For reasons described by both Bmac and Vagabond MD my approach has been to do the taxes myself with Tax Act and have a CPA run a parallel check every five years or so. Well, after the first check (about ten years ago) I became much more comfortable with the tax prep software and have not kept up the parallel reviews. It is a fair point that a new complexity could and probably should make me reconsider. I do question myself when I get the occasional “letter audit” (two on 529 treatments and one on a mega backdoor Roth transaction) but I’ve survived all those just fine. However, I reached my threshold this year and hired a professional to do an estate income tax return  Honestly, if I were the executor I would have done it myself for the learning experience, but my wife was the PR and she was sensitive to family politics. CPA fee well worth the peace of mind in that case. But mostly I think the real work is done up front in gathering the data, and since I have to do that anyway I may as well plug in the numbers and save a $1000 or so.

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  • VagabondMD
    replied


    @Vagabond MD, you seem to be in the exact same boat as me. We have been paying a CPA for years to do our taxes. Complexity of the returns and cost to have them done quite similar to yours, it would seem. Every year I say to myself, “Why don’t I just use TurboTax?” But my (perhaps dubious) rationalization for sticking with the CPA is the reassurance that I can get all my tax questions throughout the year answered quickly and easily (admittedly not that many questions) and have a professional manage an IRS audit that seems more likely given our tax bracket (despite this never having happened). Maybe in 2019 I will use TurboTax to do our taxes (but not file them) and compare it to the return from the CPA and see what, if anything, is different. And if different, how so and if the difference ends up being a net win for TurboTax or the CPA.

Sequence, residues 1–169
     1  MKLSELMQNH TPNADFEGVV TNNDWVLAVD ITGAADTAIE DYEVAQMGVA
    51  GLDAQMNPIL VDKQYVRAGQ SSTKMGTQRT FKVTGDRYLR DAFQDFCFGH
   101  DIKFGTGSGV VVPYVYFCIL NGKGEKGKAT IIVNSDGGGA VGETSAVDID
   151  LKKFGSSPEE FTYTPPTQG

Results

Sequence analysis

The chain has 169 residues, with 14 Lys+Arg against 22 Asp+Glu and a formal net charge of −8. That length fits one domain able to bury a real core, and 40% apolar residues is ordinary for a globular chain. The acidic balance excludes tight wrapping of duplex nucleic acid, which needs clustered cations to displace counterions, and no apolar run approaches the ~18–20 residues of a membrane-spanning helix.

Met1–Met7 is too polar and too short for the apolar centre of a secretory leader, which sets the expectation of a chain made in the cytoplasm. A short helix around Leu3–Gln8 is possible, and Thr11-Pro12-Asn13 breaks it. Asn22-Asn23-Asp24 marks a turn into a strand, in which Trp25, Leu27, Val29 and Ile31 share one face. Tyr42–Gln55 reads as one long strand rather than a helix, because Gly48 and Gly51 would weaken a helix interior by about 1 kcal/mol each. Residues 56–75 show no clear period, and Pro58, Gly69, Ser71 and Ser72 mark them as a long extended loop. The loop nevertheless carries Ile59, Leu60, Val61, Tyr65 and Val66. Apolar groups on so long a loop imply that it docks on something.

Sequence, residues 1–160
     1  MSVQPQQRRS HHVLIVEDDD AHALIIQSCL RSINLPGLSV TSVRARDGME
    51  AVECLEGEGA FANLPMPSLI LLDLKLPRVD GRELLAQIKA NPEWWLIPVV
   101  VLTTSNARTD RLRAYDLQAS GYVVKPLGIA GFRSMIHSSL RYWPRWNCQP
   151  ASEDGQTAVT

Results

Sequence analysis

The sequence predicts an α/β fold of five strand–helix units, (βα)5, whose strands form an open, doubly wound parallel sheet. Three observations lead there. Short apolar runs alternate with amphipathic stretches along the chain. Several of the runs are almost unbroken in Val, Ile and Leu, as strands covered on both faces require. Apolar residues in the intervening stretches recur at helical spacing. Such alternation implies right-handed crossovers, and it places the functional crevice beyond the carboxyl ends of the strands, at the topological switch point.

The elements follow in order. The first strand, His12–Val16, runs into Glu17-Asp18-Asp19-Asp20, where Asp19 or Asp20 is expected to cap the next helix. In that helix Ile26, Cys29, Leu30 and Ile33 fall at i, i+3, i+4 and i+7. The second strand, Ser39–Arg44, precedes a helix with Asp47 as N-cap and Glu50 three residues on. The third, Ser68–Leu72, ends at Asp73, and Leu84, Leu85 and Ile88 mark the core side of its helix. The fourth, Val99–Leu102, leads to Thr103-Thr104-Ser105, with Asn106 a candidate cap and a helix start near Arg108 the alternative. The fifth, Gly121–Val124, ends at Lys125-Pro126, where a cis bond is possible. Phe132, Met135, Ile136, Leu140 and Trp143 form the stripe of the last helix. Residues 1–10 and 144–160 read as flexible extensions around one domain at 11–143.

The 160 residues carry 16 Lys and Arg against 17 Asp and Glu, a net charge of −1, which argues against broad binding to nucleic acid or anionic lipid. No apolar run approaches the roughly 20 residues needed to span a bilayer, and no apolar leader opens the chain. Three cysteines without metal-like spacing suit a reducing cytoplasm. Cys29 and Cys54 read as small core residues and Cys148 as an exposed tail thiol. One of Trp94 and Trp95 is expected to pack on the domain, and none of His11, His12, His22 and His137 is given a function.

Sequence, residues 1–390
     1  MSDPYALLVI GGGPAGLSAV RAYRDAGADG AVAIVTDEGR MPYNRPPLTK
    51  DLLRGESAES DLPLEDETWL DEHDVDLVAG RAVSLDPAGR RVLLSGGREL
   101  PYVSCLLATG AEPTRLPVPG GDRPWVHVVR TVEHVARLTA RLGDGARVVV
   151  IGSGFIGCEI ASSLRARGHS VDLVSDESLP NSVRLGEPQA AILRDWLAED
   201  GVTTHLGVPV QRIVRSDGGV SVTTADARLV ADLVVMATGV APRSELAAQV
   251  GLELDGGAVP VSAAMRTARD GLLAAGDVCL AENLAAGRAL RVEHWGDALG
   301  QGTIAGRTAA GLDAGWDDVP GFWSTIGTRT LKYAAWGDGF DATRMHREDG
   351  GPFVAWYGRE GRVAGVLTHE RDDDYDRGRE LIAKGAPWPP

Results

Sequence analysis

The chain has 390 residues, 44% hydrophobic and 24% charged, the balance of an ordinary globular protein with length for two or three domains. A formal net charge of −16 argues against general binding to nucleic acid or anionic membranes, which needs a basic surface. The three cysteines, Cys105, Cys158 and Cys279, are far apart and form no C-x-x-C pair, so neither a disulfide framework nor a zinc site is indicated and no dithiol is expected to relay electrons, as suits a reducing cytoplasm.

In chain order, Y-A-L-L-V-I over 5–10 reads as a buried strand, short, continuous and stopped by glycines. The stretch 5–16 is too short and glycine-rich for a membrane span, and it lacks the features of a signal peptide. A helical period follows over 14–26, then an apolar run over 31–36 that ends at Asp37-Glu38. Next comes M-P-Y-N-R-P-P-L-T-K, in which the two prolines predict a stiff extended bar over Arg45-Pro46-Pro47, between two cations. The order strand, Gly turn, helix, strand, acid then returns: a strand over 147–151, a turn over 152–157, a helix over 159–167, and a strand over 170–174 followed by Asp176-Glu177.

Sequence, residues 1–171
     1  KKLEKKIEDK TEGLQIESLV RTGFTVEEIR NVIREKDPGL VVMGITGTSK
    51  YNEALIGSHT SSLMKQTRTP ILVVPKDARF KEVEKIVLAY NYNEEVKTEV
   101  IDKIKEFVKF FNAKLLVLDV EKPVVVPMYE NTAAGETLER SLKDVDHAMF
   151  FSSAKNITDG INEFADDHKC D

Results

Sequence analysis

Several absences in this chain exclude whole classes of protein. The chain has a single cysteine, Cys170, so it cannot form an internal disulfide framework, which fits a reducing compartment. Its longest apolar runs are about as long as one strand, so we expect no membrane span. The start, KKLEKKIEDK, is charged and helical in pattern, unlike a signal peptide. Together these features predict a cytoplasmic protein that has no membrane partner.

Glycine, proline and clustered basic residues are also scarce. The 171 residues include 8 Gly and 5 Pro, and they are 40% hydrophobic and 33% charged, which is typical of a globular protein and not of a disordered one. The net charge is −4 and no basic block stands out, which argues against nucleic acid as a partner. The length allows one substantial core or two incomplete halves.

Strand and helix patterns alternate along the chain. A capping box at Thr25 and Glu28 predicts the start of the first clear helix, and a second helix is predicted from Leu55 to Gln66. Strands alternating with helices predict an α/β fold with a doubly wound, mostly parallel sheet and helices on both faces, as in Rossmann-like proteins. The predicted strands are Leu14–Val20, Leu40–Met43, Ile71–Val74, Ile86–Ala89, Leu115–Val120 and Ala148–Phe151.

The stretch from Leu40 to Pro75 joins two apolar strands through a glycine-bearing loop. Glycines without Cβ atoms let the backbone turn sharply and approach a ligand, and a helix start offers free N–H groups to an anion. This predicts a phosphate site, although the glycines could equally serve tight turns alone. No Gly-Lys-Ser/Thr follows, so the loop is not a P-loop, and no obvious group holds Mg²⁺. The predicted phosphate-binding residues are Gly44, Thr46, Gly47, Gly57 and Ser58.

Click to expand...


    I did H&R Block's software product on my taxes last year, and there were no material differences. I use it for my kids, and it took less than 90 mins to quickly fill in our numbers to compare.

    It seems that every year there is one new tax wrinkle to justify using a CPA tax preparer. For example, for 2017, withdrawing from 529 to pay for college. In 2018, it was the tax cut and delayed K-1's requiring an extension (first time ever). In 2019, it will be earning income in two states. Etc.

    Yes, there is comfort in the ability to ask a question, but it is rarely asked. Years ago, I bought state tax credits through them, referred by another party, and that is how we started together. They no longer offer these to me.